Books are Heavy

In the wake of moving house, which included a ridiculous number of books that prompted even our movers to complain, the notion of a digital library becomes increasingly appealing. True, books are beautiful, tactile and each, in addition to its actual content, is a touchstone of memory and experience, but after slitting open dozens of cartons, I’m feeling less sentimental.

In addition, I never quite realized the degree to which arranging books can prove psychologically fraught. In our new house, my husband gave one of his bookshelves to my preschool-aged son. The resulting scarcity in shelf space has prompted a kind of Malthusian struggle; in this overpopulated world, which books should get pride of place? Should we (finally) attempt to organize by subject area? Should the Wilkie Collins novels that were the subject of my grad school papers be relegated to boxes in the basement? (!) Can we donate still more to Goodwill? We’ve already parted with a small library’s worth of volumes. Yes, we could get yet another bookshelf. Likely we will. But this is not a long term solution, especially when I find that I get stroppy when I suspect that I am culling more books than my husband, who as a publishing professional, an academic and a packrat is thrice-afflicted. So gentle readers, in houses where there is more than one bibliophile, where marriage/cohabitation also involves the union of two book collections, and assuming that you do not possess a soaring multi-floored library that Rachel hankered after earlier this month, what did you do? Must we digitize in the name of conjugal harmony, easier moves, and effortless organization? Is the virtual library the answer, not only for the Vatican Library (check out this New Yorker article) but my own, just slightly less palatial, house?

5 Responses to Books are Heavy

  1. Dara says:

    We also just moved our bookshelves from one room to another in order to prepare for baby’s arrival. We got rid of a small library of books as well.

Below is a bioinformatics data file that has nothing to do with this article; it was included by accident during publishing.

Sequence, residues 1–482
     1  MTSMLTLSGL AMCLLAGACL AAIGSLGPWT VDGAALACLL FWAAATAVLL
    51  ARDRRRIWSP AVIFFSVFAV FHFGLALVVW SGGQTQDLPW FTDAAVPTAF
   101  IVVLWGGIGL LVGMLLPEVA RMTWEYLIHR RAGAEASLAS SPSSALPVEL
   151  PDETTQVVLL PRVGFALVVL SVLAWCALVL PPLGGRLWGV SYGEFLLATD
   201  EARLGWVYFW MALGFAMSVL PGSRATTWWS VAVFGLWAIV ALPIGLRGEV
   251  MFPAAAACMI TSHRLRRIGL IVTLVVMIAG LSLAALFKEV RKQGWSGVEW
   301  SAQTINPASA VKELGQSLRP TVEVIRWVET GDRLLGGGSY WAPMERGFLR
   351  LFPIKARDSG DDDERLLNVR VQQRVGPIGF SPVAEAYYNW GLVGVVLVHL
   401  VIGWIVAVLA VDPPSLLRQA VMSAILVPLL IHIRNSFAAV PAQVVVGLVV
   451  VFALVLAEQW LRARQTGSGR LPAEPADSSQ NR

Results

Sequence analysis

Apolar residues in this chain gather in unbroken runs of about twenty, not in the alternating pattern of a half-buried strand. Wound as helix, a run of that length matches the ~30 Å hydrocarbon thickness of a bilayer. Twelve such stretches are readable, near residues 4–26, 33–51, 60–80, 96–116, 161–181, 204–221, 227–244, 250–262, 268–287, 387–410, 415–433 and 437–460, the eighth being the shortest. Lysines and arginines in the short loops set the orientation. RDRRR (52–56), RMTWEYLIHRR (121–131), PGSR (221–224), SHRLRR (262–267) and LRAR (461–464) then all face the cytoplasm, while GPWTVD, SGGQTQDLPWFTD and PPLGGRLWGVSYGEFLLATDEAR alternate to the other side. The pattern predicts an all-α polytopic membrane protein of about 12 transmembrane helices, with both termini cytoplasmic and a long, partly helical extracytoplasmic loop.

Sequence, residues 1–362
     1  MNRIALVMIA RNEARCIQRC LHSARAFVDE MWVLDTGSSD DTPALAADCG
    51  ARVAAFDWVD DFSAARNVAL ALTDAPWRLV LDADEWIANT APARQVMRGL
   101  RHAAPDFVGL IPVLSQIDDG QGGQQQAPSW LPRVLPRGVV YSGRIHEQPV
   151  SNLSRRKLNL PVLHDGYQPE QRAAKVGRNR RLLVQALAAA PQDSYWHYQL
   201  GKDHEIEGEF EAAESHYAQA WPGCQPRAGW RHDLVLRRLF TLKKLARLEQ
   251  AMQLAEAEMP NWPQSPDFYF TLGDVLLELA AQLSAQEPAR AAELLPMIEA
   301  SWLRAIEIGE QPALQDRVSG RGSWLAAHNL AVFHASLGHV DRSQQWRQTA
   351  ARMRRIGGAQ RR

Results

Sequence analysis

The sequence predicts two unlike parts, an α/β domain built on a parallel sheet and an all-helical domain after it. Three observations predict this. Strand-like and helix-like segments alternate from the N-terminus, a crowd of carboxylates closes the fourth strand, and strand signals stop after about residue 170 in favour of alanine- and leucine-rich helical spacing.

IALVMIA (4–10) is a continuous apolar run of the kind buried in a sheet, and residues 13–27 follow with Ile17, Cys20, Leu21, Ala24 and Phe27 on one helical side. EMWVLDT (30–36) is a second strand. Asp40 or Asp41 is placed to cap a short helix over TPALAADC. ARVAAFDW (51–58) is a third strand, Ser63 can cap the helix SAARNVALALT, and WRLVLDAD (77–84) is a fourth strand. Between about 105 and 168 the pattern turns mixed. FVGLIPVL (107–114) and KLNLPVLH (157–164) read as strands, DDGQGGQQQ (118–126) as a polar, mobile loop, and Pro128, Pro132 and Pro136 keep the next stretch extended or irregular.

I’m really not sure…while I love having tons of books, the space issue does rear its ugly head quite often. I would never go all digital, but I’d be willing to say half my library will soon be that.

  2. I moved less than six months ago, and though I don’t have another bibliophile to share space with, I had many of the same thoughts as you. Another box (that I have to carry up and down stairs)? Where am I going to put all these? What’s going to happen next time I move? I did buy another bookshelf to ease matters temporarily, but it did make me want an e-reader all the more. Now that I have one, I will be much more picky about which books I buy in physical format from now on, and may end up culling some of my physical books before my next move, whenever that is. I’ll probably get rid of a lot of the public domain paperbacks, since I can get e-versions for free on my Kindle. It’s prompting a philosophical question for me: do I get rid of the books I didn’t care for as much? Usually I have to really hate a book to get rid of it, but there certainly is a portion of my bookshelf to which I am, at best, lukewarm.

  3. Eric Christopherson says:

    Don’t put Wilkie in the basement!

  4. Jessica says:

    It’s also worth noting that although my husband and I put all our music collection iTunes, we have not yet parted with a single CD. They all came with us. I guess that “virtual” libraries, whether of music or books, just seem too ephemeral. I feel as if I’m far more likely to accidentally wipe out my e-books than I am to say, set fire to my house. At least I hope that’s the case.

    And Wilkie didn’t go to the basement.

  5. Lance Parkin says:

    “I guess that “virtual” libraries, whether of music or books, just seem too ephemeral”

    I’ve got a Kindle for PC app on my laptop, and about ten books on there I keep meaning to get around to … The Beetle by Richard Marsh is one. That was the subject of a bet between him and Bram Stoker – The Beetle came out the same day as Dracula and Stoker bet he would sell more in the first year. And Stoker lost, badly. I’d really like to read that. And another beetle-book: Boxer, Beetle, which I got based on one of the most entertaining mini-interviews I’ve ever read http://www.guardian.co.uk/books/2010/oct/30/guardian-first-book-award-ned-beauman. But when I’ve spent a day staring at a computer screen, I don’t feel like staring at a computer screen. If these were physical books, I’d have read them by now. I may end up getting them as physical books.

    I like books. I like unexpected discoveries, either on my shelves or in a bookshop. I like things like the foldout cover of Chabon’s Fountain City. I like the fact that the hardback first US edition copy of Name of the Rose I got from Goodwill turned out to be signed. I like knowing I’m halfway through a book. I like lending books to people. I’ve not seen an ebook that seems to have been prepared with the same care and attention to the reader that even a mass market paperback has – publishers just seem to upload a text file. A lot of the time it seems more like a cost-cutting exercise than an experience-enhancing one.

    I’m sure ebooks have advantages of their own, but I think a lot of the value and pleasure of a book is in the physicality of it. I could lose my library to save space? … well, I could also lose my kitchen and only eat at Arby’s.

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